Skip to main content
Open Access Publications from the University of California

The Ultrastructure and Nucleotide-regulated Assembly Mechanism of the Bacteriophage-encoded Tubulin Homologue, PhuZ

  • Author(s): Zehr, Elena A.
  • Advisor(s): Agard, David A
  • et al.

Tubulin is a universally conserved molecule, found in all three domains of life. Tubulin filaments use energy derived from GTP binding and hydrolysis to organize cytoplasm. Although tubulin homologues share the same fold to their monomers and similar protofilament architecture, they assemble filaments with unique geometric designs. Moreover, despite sharing the mechanism of self-assembly, wherein tubulin subunits require GTP binding to polymerize, and their polymerization stimulates GTP hydrolysis, tubulins exhibit distinctive dynamic properties. Together, unique filament architectures and dynamic properties determine a specific set of biological functions each tubulin family performs. The origins of tubulin filament architectural diversity and distinctive dynamic behavior are not well understood.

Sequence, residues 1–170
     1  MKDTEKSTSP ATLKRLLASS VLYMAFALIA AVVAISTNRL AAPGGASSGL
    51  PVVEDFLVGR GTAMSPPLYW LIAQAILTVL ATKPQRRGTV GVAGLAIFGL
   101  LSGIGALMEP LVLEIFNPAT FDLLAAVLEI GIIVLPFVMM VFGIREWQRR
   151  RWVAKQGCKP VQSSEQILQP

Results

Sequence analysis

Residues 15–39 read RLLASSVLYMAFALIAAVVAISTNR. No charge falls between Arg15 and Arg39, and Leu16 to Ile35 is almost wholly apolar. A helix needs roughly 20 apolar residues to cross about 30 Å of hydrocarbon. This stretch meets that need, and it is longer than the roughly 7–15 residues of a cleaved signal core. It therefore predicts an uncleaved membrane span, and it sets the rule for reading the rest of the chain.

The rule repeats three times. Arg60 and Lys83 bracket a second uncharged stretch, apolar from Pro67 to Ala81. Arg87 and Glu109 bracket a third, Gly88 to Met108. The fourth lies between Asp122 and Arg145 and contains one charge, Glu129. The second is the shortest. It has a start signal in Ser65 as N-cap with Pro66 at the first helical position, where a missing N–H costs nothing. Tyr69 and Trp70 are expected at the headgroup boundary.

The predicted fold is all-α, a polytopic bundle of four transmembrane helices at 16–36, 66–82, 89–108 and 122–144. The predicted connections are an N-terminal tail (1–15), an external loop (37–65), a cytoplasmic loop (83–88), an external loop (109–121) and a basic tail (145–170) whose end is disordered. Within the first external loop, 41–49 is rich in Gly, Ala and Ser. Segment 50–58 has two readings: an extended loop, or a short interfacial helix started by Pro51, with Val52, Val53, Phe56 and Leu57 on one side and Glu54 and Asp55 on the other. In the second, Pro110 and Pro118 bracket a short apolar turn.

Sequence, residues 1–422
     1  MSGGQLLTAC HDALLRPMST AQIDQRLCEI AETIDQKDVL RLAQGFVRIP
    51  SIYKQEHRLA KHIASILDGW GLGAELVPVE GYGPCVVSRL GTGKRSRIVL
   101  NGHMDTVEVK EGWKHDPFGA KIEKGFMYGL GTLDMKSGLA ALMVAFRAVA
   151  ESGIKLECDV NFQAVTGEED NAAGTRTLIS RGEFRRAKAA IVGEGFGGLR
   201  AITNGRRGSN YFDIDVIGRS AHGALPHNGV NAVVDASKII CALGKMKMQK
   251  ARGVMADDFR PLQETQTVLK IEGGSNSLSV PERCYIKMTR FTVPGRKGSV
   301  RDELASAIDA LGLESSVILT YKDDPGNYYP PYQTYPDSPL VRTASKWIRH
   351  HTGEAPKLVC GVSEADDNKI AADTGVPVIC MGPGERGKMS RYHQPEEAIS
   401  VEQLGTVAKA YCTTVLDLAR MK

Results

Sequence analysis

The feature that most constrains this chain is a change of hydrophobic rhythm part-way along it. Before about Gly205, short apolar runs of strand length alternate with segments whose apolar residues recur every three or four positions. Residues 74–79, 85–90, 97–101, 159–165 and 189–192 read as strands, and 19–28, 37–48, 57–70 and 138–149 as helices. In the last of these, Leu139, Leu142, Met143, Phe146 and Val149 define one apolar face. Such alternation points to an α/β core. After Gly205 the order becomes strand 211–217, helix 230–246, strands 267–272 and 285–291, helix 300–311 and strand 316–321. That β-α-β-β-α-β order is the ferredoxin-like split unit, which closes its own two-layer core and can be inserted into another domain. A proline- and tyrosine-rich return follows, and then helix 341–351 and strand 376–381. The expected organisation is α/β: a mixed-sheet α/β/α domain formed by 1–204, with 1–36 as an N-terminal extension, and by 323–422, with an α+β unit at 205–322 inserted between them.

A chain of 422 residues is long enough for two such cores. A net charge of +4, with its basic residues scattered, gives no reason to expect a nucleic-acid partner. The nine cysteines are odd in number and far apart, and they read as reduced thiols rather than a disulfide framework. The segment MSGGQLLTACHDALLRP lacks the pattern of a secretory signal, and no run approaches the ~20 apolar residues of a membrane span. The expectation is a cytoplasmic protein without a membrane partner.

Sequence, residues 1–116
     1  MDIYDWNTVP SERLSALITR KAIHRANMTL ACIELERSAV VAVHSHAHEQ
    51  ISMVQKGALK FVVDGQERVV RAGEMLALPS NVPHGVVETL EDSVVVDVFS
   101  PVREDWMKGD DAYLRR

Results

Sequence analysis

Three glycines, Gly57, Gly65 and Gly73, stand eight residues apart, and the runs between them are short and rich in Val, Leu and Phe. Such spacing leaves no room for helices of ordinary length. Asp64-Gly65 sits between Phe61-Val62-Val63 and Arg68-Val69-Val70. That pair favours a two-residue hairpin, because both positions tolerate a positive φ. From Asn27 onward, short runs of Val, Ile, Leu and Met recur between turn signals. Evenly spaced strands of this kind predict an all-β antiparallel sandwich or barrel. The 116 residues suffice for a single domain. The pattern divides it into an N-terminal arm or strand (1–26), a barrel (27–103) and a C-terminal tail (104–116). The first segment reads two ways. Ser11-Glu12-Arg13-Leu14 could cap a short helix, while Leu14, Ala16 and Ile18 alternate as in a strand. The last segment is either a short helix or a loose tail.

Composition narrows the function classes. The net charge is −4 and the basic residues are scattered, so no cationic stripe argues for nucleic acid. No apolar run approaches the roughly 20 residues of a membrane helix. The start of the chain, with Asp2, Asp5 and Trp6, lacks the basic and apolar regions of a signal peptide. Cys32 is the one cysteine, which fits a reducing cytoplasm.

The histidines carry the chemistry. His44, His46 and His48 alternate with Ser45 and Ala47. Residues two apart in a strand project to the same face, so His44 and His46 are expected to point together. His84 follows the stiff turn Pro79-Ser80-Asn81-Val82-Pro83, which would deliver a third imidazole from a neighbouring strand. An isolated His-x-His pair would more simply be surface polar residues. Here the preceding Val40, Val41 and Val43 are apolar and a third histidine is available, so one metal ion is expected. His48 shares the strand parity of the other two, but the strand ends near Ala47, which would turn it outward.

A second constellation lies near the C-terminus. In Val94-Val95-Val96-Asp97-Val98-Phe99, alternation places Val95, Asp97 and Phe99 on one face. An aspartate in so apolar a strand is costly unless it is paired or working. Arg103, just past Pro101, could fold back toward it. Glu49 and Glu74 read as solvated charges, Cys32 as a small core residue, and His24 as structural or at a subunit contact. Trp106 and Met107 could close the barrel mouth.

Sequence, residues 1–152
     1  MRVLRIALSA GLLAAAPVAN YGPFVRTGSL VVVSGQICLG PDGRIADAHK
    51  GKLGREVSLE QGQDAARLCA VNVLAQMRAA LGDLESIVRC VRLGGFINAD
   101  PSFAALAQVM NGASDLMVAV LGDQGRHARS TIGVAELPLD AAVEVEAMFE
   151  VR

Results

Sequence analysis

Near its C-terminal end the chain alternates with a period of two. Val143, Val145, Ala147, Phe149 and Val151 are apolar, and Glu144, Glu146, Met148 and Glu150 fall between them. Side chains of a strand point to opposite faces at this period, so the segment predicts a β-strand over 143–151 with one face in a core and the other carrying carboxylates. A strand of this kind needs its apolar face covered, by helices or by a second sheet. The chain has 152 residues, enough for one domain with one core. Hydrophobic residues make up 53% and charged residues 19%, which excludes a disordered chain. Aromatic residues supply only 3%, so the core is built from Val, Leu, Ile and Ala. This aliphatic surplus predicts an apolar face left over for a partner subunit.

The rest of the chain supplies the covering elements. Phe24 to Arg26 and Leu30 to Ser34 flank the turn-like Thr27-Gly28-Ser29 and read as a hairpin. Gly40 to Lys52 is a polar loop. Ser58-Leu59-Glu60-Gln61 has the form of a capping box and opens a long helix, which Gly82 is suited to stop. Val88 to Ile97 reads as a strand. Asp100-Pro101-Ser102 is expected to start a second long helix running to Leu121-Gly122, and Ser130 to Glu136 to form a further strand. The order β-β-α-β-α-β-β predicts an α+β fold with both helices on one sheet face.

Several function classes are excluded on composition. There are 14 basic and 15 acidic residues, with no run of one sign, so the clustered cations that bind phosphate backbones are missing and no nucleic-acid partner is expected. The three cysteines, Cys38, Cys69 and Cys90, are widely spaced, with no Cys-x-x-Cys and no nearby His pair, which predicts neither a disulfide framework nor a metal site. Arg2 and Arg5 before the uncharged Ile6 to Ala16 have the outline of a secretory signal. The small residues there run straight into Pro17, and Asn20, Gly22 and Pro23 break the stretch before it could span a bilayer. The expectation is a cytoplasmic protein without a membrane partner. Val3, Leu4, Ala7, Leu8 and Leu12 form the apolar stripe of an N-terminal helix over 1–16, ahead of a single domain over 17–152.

We have been studying PhuZ tubulins, which are encoded by a few very large Pseudomonas ϕKZ-like bacteriophages. Our studies have shown that PhuZ assembles dynamically unstable spindle-like arrays that organize bacteriophage DNA at the cell midpoint, which somehow facilitates phage infectivity. Moreover, PhuZ monomer structure has the canonical tubulin fold, with a unique, highly conserved and extended C-terminus. The C-terminus mediates protofilament contacts and is critical for polymerization both in vitro and in vivo.

The main focus of this manuscript is the structural investigation of the molecular mechanisms underlying PhuZ dynamic behavior. In an attempt to explain how GTP binding and hydrolysis drives PhuZ filament turnover, we have conducted a number of electron cryomicroscopy studies (cryo-EM) on PhuZ filaments in both pre- and post- hydrolysis states. PhuZ forms a polar three-stranded polymer with an unusual subunit orientation. Its C-terminus guides a cooperative assembly of the three-stranded filament by mediating both longitudinal and lateral interactions. Upon assembly, the longitudinal interface, C-terminus and tubulin fold undergo polymerization-competent rearrangements. We propose that the energy of GTP binding is stored in the displacement of these structural elements. Also, our structural studies have revealed how the energy of GTP hydrolysis is stored in the PhuZ filament lattice. In particular, GTP hydrolysis, initially sensed by the T3 loop and C-terminus, is accompanied by unwinding and supercoiling of the filament lattice. Based on these observations, we propose an assembly/disassembly pathway of PhuZ filament.

Main Content
Current View